Vendor plugins for Saber have unlimited potential to expand the capabilities of a modern, secure content management system & website builder. When you decide to build a plugin for Saber, make sure to follow the development guidelines and create a modern experience for your users.
These small tutorials below should get you up to speed with many of the development processes used to build various types of functionality for a Saber plugin.
Create A Tab
If you plan on displaying content within Saber, you'll first want to create a tab. When the user clicks on the tab, it will display your content, and when the user clicks on a different tab, your content will hide to show the content associated with the other tab.
The example above creates a new sub-menu item under the top menu labeled "Website", which will execute the function used to show the vendor plugin tab when clicked. If a tab with the specified ID my-tab-id already exists, Saber will not create a new tab.
After creating a tab for your vendor plugin, you'll want to generate a div tag to add your content to. The tab system will automatically show & hide your content when your tab is focused & blurred, but you must include a class name that matches your tab's ID and include the tab class name in your div, then append the div to the .sections selector. Also, you'll want to make sure the div doesn't already exist, since this code will be executed any time the user clicks your menu item or button that generates your tab & content.
On the server-side, you'll need an IVendorService that the AJAX request can access, and you may need to include security measures to protect the API from anonymous requests.
Finally, when the user clicks on your plugin menu item, a tab will appear and load the content that the user requested!
Update File Toolbar
When the user clicks on the tab associated with your vendor plugin content, you may want to update the file toolbar to display a custom title and action buttons.
This can be achieved by updating the file toolbar on your tab's onfocus event since the contents of the file toolbar is reset every time a tab is selected.
The area reserved for action buttons can also contain a search filter form or drop down menus as well.
Adding Items To Drop Down Menus
The top menu in Saber's UI comes with three items, File, View, and Website. If you'd like to add items to their drop down menus, take note that the File menu is reserved for file or web page operations, the View menu is reserved for displaying tools (that open in side bars or tabs), and you should add a menu item to the bottom of the Website menu if your plugin utilizes the IVendorWebsiteSettings interface.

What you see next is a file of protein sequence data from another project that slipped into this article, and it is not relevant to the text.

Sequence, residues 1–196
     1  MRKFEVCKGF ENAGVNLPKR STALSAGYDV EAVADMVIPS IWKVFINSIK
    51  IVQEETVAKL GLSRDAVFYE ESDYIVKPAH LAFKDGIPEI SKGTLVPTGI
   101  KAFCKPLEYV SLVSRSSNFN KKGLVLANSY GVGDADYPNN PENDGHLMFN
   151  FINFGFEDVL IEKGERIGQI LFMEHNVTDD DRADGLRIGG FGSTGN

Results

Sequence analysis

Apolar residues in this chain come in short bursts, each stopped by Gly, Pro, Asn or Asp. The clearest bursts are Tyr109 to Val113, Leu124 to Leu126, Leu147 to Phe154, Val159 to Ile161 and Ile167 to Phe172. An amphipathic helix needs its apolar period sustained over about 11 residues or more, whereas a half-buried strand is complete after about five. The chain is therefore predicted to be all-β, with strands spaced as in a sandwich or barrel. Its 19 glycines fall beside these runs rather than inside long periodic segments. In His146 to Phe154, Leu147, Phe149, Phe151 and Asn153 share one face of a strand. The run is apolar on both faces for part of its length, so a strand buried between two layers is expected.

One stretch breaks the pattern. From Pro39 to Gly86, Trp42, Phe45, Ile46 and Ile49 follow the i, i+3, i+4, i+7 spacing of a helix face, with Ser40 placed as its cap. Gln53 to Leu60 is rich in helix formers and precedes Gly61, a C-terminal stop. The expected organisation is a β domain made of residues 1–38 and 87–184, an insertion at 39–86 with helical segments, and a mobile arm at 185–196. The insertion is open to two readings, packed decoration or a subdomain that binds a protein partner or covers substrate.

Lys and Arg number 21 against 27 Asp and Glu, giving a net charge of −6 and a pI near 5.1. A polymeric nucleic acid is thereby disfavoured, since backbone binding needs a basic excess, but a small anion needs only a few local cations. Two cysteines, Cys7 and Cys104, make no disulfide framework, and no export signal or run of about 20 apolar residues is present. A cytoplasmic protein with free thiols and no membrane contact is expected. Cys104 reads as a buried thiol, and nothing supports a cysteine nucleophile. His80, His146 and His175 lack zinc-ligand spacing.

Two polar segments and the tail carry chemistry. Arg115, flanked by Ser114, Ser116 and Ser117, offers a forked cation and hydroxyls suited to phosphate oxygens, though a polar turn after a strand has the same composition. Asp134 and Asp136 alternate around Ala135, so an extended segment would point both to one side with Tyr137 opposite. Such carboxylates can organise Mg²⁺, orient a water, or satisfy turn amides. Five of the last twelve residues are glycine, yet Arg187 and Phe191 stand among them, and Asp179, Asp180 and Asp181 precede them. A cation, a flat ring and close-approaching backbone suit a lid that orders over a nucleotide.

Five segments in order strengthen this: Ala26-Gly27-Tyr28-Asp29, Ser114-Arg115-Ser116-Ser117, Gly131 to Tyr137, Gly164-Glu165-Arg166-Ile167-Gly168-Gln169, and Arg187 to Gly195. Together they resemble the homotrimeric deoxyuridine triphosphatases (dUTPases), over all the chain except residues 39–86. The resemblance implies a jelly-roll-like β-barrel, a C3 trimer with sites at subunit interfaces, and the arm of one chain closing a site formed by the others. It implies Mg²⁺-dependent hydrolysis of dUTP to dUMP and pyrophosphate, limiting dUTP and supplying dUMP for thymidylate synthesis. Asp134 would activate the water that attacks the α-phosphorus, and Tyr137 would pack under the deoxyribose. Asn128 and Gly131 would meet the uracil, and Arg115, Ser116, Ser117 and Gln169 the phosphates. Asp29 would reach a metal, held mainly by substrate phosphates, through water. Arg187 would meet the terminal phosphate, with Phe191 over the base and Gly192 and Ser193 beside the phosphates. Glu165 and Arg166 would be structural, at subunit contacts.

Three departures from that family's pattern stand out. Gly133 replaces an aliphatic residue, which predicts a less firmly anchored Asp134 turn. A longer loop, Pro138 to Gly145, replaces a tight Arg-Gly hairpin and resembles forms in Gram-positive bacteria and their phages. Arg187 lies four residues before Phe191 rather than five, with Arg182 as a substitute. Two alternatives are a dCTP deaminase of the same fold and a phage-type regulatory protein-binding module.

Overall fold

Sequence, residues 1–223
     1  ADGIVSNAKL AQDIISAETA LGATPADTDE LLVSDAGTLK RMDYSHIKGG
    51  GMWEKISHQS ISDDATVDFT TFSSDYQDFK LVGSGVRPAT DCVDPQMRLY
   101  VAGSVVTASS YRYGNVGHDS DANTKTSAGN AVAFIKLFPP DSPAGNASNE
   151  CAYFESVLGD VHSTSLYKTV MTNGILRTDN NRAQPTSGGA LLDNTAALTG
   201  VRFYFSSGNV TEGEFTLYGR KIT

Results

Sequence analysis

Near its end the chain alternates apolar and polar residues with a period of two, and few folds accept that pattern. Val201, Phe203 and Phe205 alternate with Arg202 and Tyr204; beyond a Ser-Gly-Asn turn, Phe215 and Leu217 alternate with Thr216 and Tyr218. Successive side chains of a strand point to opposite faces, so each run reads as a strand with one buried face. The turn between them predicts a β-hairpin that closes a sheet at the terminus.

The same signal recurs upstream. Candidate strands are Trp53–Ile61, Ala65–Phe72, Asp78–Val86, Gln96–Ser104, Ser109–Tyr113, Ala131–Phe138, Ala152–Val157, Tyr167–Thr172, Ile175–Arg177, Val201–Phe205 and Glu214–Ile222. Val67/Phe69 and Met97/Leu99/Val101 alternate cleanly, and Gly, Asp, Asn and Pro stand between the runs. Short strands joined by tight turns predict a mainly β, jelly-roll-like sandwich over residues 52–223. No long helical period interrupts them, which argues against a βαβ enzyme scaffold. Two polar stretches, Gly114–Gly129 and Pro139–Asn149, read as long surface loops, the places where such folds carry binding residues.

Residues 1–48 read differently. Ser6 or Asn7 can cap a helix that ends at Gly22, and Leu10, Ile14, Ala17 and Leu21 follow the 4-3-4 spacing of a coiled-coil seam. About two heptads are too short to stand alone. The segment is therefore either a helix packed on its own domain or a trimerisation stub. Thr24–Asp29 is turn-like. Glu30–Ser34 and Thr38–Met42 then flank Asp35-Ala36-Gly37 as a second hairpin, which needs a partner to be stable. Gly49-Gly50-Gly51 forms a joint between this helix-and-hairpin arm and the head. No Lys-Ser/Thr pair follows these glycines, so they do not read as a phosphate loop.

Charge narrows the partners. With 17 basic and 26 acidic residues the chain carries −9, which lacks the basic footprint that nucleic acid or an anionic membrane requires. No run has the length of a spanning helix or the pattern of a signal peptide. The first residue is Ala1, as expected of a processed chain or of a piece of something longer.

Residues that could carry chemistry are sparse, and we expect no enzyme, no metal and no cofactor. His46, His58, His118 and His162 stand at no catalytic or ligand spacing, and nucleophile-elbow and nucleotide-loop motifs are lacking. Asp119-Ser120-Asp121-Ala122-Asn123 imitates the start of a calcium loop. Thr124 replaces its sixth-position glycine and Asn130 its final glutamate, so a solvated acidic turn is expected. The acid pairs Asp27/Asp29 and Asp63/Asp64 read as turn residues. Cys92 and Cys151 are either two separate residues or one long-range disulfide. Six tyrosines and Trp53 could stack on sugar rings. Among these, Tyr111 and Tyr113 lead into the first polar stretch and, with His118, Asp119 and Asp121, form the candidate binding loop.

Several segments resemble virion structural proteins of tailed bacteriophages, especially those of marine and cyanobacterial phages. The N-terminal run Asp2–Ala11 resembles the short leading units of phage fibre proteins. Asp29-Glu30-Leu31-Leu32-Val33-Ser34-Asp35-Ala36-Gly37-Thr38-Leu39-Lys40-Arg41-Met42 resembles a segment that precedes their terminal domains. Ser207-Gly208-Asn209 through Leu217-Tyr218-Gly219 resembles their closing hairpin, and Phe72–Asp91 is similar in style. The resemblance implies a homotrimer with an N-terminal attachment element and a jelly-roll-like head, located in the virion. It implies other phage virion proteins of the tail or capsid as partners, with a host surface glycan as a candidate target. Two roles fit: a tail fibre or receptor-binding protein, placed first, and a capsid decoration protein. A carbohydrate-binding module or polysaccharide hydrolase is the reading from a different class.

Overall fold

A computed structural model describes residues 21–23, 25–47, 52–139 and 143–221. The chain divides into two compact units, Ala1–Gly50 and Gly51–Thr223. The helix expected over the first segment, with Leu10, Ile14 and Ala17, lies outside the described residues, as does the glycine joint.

The above example adds a menu to the Website drop down menu that will open the Website Settings tab and scroll down to the section related to that plugin.
You can also add your own top menu items if you need a drop down menu of your own. Saber does not support hierarchal drop down menu systems because we believe that the best user experience prevents the user from navigating through a maze of drop down menus, so you'll be limited to creating menu bars like the top menu within your interfaces.
You can add drop down menus to other HTML elements such as buttons.
For the drop down menu system to work, you must define a container element (e.g. <div class="app-menu">), and define a div with the class name drop-menu and a ul element as the child element of the div.
Note that the first menu item in the example above is disabled and cannot be clicked.
Using Sql Server
Some more advanced vendor plugins might want to utilize the database, create tables & stored procedures, and retrieve data using an ORM. Saber includes a built-in system that will execute an Install Script when the user first installs your plugin, Migration Scripts if the user is updating an existing plugin, and Uninstall Script when the user decided to uninstall your plugin. Saber uses Dapper as an ORM and uses a helper class for handling Sql queries that use System.Data.SqlClient & Dapper and allows developers to execute Sql stored procedures in just one line of C# code.
There are several guidelines when developing database objects and using the helper class & C# Query models in Saber, so please read and understand all of the documentation before diving in.
The above example executes a stored procedure that sends all the public properties of product as Sql parameters and doesn't return any results.
The above example executes a stored procedure that sends productId as an Sql parameter and returns a single int value.
The above example executes a stored procedure that returns a list of objects.